Monica and Rodney’s relationship was a little harder to read at first, but for a reason. Both actors did an exceptional job at portraying exactly who they were and their purpose in the story. Karen Pattinson, who played Monica, had great moments throughout the production where she followed through with hilarious backhanded facial expressions. Her mannerisms and body language were her strength; she had a way of moving on stage that was captivating. Rodney, played by David Allsopp, did a great job at playing the ‘average’ character; the one who had the most ‘normal’ attributes. He was a nice and necessary break from all of the strong characters.
Pierce and Gwendolyn were a great duo onstage. Pierce, played by Peter O’Sullivan, flowed well throughout the performance. His voice was probably the strongest in the cast. He and Chelsea Cunningham, who portrays Gwendolyn, were so great at underplaying their characters; their perception of their roles as Pierce and Gwendolyn worked well in the play because together they appeared to have a real connection and flow onstage. Cunningham was absolutely hilarious. I’m friends with her, but all bias aside, I can confirm the audience also agreed. She takes a fresh twist on her character’s ditzy and innocent nature. She does this via a raw, passive-aggressive tone in her voice which was a fresh and surprising twist on her role and gave the play a little bit more edge. My jaw literally hurt after the play had finished because I had laughed and smiled too much. Her physical performance in the final scenes would be a challenge for most actors; however, Chelsea orchestrated her performance beautifully, and again, never taking over the other strong personalities on stage.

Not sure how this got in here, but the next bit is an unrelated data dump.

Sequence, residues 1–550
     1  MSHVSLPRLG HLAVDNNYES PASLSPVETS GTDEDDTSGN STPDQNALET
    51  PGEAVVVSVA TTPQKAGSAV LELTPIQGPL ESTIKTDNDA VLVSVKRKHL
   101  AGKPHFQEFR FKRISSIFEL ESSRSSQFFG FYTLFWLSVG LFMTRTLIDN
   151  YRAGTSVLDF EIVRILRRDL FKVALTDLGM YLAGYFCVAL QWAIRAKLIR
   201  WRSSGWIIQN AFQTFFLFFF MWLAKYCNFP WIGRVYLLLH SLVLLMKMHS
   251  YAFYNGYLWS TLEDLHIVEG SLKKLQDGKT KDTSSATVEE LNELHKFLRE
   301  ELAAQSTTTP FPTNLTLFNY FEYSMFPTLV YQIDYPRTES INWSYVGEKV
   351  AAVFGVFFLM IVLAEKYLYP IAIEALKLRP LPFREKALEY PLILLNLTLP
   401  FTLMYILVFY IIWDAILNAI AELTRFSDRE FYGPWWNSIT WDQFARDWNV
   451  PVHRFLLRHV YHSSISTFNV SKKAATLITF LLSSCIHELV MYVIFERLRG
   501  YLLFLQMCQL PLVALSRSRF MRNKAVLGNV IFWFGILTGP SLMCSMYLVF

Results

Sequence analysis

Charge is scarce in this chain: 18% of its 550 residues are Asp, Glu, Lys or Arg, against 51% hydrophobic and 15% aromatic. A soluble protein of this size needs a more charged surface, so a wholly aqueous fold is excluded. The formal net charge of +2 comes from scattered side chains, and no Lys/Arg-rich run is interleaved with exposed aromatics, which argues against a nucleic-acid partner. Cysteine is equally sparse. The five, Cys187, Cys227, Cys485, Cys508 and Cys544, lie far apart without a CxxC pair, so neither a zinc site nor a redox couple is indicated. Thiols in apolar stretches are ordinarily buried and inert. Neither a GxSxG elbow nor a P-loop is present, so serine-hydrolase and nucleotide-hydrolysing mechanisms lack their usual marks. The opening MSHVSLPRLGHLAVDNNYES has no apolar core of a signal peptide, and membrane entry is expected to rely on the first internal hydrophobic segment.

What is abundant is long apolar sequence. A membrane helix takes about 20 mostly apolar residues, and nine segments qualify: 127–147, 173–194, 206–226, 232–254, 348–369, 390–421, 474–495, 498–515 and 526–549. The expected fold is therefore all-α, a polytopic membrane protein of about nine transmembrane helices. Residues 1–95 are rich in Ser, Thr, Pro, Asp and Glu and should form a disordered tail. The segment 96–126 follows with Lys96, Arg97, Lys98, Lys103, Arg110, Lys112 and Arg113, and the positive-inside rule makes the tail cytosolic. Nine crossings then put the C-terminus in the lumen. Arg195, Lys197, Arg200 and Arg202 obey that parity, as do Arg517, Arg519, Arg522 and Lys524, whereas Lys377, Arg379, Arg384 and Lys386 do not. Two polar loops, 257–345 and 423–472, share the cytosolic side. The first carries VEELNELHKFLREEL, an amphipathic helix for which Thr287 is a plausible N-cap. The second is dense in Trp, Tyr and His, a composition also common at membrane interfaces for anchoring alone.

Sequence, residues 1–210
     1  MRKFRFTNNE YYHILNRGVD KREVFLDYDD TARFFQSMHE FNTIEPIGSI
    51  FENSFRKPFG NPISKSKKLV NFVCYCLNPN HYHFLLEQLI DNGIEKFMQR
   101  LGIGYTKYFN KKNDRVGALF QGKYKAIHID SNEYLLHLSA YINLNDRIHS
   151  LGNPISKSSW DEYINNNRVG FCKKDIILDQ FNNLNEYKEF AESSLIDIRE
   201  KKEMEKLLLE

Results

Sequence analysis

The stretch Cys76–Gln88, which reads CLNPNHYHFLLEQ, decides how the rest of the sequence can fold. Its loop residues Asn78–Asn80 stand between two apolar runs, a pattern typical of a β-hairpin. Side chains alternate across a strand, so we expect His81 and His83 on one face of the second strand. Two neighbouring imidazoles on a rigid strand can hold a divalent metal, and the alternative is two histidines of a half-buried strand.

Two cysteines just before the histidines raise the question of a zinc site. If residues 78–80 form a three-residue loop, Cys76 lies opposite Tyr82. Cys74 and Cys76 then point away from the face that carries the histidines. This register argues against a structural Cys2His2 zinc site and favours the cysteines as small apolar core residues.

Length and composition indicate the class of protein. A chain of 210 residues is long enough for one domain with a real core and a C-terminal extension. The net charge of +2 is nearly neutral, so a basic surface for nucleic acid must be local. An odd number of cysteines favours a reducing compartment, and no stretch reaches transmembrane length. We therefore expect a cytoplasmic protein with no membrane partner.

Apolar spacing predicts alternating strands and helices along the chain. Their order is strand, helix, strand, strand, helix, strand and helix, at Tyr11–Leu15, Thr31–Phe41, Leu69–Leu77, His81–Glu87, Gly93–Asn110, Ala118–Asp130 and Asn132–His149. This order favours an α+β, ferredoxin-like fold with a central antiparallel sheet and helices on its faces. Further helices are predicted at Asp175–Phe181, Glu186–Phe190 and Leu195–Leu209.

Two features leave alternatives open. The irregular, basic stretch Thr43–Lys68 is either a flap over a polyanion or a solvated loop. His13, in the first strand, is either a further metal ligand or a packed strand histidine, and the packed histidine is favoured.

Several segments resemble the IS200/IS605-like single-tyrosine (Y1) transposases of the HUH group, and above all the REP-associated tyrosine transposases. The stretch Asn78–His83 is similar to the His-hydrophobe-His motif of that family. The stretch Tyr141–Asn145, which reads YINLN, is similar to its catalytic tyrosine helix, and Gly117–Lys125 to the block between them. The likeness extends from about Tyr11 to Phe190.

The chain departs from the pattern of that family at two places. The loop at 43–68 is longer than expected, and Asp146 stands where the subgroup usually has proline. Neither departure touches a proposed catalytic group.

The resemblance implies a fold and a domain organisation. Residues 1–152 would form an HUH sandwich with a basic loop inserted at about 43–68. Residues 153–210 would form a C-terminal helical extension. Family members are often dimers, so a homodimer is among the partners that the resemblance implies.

Even though this play is about 87 per cent made up of people in their forties, I can see how this play is just as relatable to us as it would be to our parents. The driving force of the production is the dynamics of friendships and romantic relationships. Yes, they may be married and have kids, but their concerns and struggles are eerily similar to what we face in our own relationships today as young twenty-somethings; and definitely something we hope we do not face in our marriages or any form of relationships as we grow older! Really though, if you liked the classic relationship dynamics between the parents in shows like Puberty Blues and most other Aussie dramas, you’ll enjoy Caravan, without a doubt!
Caravan is playing until April 20th 2019 at the quaint little Theatre on Chester. You can buy tickets here.
Featured image source: Theatre on Chester